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Day 4 of Wheelchair Distribution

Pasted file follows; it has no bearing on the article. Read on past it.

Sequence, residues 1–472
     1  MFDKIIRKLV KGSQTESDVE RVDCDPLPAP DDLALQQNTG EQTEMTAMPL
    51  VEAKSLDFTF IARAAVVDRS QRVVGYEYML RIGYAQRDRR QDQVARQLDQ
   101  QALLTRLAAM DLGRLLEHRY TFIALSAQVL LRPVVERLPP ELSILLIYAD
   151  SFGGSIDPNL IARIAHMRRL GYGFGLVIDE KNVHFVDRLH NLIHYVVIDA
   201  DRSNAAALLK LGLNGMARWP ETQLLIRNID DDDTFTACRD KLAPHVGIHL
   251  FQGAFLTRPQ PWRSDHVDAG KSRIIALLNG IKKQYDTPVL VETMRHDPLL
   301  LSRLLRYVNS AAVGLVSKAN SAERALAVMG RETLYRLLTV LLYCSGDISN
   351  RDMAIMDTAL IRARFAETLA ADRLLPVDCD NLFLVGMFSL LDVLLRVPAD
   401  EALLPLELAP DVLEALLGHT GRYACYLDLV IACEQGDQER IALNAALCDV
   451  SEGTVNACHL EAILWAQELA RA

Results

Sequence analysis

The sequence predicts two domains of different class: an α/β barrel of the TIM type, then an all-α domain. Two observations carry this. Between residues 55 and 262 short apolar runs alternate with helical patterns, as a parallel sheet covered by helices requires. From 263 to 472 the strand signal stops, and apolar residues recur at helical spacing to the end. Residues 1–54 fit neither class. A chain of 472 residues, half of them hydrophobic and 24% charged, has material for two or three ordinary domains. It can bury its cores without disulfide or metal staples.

1. KUMI COMMUNITY FOUNDATION FEBRUARY 2020 DIARYTuesday 11 February 2020Day Four of the WFTW wheelchair distribution and the storeroom is looking sparse of stock. Back at the Guest House, Mr and Mrs Obwongo sat very patiently on my porch while I busied myself with the day’s requirements. His patience was thinning though as, while I was eating my breakfast, I could see him pacing outside the window hoping this would attract my attention. Finally, I succumbed, unlocked the door and emerged to be greeted warmly by the couple who were bearing gifts to soften my heart in exchange for new trousers to replace the ragged ones he was wearing for him, a blouse for her. I was presented with a small bag of groundnuts, two oranges, many lemons but this did nothing for me as I know they have very many clothes donated from visitors to the Guest House. In the end, we went around to the back of the house to ask Anne and Grace to tell them in their native language about my clothes situation and how I leave them here for my next visit. At the wheelchair distribution centre in the hospital workshop, the stock was well reduced and fewer hopeful recipients were waiting. However, after the morning devotion of much prayer, singing and dancing, activity commenced and, once again, how humbling it was to witness those with disabilities being carried in; young and old. There was an opportunity for me to visit the ward to see Christine, the girl who came with severe pressure sores. She had been admitted to Ojikhan Ward where she lay on her bed so patiently and with nothing to keep her amused. The nurses were dressing the large wounds and maybe there is hope that she will not have to undergo extensive surgery after all as the healing process was underway and the sores were looking somewhat healthier. The father was so grateful for this opportunity for his daughter and, if they had not come for a wheelchair, she would have continued to deteriorate each day. The team have clubbed together to pay the hospital bills and to provide the food for them both so he can rest assured that the lack of money is an issue. We left her with a white teddy bear of which she was wary – friend or foe? Some team members, new to rural African life, were keen to visit the “outside world” so Neil, Sue and I ventured out starting at Wiggins School where we deposited the mattress which we had now covered with waterproof material for Moses. We continued with Ruth and to visit a couple of families near Omatenga, a centre near the lake and ferry which takes passengers to Toroma in Katakwi. Passing through, the trading centre, we met Amiriat Sikola, mother to Ikuret James Peter, with the sewing machine we had bought her last year. She had been chased away from her home by her husband and had settled near the lake where she could make a small income from selling her work. How warm was her greeting, full of gratitude for the sewing machine and such a good mother to JP who sat in a wooden CP chair we had given her three years ago. JP had grown and the footrest needed adjustment so how good that Neil was with us with his toolkit which reminded me of our Queen who always carries a handbag whereas Neil always had his box of tools! Soon, he had an audience watching the joinery being done and soon JP could sit with his feet well supported again. Sikola had a friend with a similarly brain damaged child, Amongin Mercy, who was born normal but had a fever when 3 years old which resulted in the brain damage. We walked to the lakeside and sat with Mercy lying on the ground outside a few iron sheeting sheets which formed her lakeside café. Her mother had taken her to Atutur Hospital where the physio had taught her good sitting practice and so here was our first candidate for the wheelchair list in the hope that WFTW will send another container in a couple of years. How pleasant to experience the cool fresh air of the lake and we were reluctant to move. Driving back, a tall young man of about 20 years waved us down. We soon realised he was deaf and dumb as he tried desperately to make himself understood. He handed us a list of tools he would like which would enable him to earn a living and this would change his life. We could not enquire if he had had training but we can presume he had. Here was a slight chance for him and the more I think about him, the more I am convinced he is one to help. Then, out of the blue yesterday, I received an email offering a small donation to consider buying, amongst other things, tools! Let’s give this endearing young man this opportunity! Next, we drove to the home of Adeke Susan, a 12 year old who lay outside the mud hut, unresponsive and face down next to her aging grandmother. The mother quickly picked her up and took her to a plastic bowl where she stripped Susan, washed her thoroughly, put on her probably one and only almost decent dress and put her in a wheelchair she had been given many years ago. The family was HIV +ve and struggling to survive so Neil and Susan gave them some money to buy some food and we provided funding for a goat. One more person to visit to deliver the wheelchair we had taken. We reached the home after asking many local people the way to find 80 year old Emima Joice who had not been out of her hut for, they say, thirty years! She lived with an equally old woman and heaven knows how they survived day to day. A neighbour’s daughter came to lift her out of the hut and how pale she looked! Her skin drooped in folds, empty of flesh and she was a pitiful sight. Neil’s tool box came out again to adjust the chair and soon we left her to hopefully see some daylight each day. The situation was not perfect as the chair could not be wheeled into the hut but, at least, she could be brought out by her willing young neighbour. That was it, homeward bound, but I was dining at NEV as Dave and I needed to sort out various invoices but the team was not back. A lorry with twenty-five wheelchair candidates had broken down en route to the hospital and had only arrived in the afternoon. I showered with the cockroaches, drank a beer and waited. The team had continued with its work well after daylight had gone and came back so tired and hungry that any idea of settling down to financial matters were soon put aside. Another day!